There’s a wonderful yearly event here in Pensacola called the Great Gulfcoast Arts Festival. We all went down on this near perfect fall day and had a great time taking in all the sights and sounds.

An artist named Allan Teger once again brought himself and his Bodyscapes work to the festival. His booth always gets attention and usually makes smiles. That’s one of his more tame photos above. As his website says:

Allan Teger’s wonderful photographs of the human body
prove that art can be fun and serious at the same time.

In years past we’ve hustled the girls past his booth and tried to distract them a bit just to avoid awkward questions about naked people with small toy figures attached to them. But the girls have gotten older now so this time we chose a different approach. Julie and I gave each other a little look signaling we were thinking the same thing. Let’s see what they say when they see the prints. We slowed down while walking past the booth.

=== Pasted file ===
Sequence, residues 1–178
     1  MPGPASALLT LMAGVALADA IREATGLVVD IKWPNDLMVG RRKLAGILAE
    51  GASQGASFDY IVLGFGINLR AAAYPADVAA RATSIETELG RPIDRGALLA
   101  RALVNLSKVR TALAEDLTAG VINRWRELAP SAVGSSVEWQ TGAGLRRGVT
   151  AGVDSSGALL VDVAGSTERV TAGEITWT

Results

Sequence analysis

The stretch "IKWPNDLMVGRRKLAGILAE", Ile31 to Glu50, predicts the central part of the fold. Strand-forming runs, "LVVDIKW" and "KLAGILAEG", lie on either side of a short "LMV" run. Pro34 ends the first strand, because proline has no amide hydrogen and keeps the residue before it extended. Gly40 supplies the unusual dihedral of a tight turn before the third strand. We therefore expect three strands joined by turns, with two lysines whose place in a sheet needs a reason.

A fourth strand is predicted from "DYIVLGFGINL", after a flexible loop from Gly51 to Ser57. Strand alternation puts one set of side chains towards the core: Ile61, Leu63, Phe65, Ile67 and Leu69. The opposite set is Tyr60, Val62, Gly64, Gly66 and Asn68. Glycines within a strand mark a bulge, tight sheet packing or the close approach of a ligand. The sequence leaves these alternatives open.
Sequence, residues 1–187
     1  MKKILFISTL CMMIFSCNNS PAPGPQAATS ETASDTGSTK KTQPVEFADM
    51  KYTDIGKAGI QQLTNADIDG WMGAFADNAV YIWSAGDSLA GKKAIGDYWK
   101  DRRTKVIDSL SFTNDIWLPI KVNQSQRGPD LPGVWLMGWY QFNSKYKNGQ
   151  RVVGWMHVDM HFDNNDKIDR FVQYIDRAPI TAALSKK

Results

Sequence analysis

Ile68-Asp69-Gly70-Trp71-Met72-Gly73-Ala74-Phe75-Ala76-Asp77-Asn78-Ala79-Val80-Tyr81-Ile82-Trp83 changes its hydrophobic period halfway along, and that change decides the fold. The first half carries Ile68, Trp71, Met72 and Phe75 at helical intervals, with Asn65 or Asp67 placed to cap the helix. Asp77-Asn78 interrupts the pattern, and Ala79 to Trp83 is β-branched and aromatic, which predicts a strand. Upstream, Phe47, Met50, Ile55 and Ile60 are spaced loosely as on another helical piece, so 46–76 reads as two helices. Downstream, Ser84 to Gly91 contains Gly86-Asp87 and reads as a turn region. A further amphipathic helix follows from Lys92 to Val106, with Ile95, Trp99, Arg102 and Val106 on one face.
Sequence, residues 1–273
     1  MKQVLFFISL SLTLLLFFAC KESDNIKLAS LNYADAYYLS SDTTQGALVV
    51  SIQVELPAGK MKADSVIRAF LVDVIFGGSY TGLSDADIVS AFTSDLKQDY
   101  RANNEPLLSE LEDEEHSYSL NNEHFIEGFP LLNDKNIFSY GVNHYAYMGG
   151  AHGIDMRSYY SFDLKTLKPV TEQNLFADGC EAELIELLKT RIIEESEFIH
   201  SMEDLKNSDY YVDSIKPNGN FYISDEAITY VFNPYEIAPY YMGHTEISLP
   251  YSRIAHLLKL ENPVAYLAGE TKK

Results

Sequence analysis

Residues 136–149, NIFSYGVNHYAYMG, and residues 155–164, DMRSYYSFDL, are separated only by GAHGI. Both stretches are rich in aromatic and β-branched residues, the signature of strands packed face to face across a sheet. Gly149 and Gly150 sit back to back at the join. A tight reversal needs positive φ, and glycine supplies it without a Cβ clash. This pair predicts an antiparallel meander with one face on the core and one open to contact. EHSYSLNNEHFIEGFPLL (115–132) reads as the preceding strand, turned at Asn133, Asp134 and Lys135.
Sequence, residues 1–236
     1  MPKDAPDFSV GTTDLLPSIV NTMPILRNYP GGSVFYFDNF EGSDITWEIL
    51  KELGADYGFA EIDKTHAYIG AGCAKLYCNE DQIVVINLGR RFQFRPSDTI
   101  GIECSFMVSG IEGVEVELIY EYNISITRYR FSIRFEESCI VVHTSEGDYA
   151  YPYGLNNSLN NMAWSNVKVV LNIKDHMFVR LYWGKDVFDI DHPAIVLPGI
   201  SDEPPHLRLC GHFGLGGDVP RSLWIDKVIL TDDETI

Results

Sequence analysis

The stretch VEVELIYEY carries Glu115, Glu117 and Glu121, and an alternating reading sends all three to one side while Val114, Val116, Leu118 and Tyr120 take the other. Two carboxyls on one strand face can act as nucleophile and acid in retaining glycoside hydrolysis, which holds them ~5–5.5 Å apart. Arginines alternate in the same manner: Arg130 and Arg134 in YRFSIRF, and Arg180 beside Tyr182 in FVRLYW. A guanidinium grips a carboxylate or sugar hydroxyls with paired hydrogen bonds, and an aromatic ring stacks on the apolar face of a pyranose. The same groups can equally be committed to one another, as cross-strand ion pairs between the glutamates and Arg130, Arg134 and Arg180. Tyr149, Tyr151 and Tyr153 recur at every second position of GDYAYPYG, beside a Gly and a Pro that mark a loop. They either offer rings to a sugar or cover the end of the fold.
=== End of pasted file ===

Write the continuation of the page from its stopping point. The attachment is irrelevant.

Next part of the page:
The Revealing Argument post a while back was a funny ha-ha but as I said then, there is a long and respected tradition of nude images in photography, not to mention sculpture and painting. The daughters are getting to an age where an appreciation of art consists of more than just finger painting and they will be seeing the nude human form as we visit museums and galleries so I’d like a certain level of maturity from them about the subject. (Certainly more maturity than I had about the subject when I was their age.) We may be a few years away from seeing David in person but I’d like for them not to be too distracted by the lack of a fig leaf.

Not that Mr. Teger is Michelangelo and not that this isn’t a little awkward because these are my daughters but Julie and I want to be fine, open-minded, progressive parents and in fine, open-minded, progressive parent circles, this is what is known as a “teaching moment”.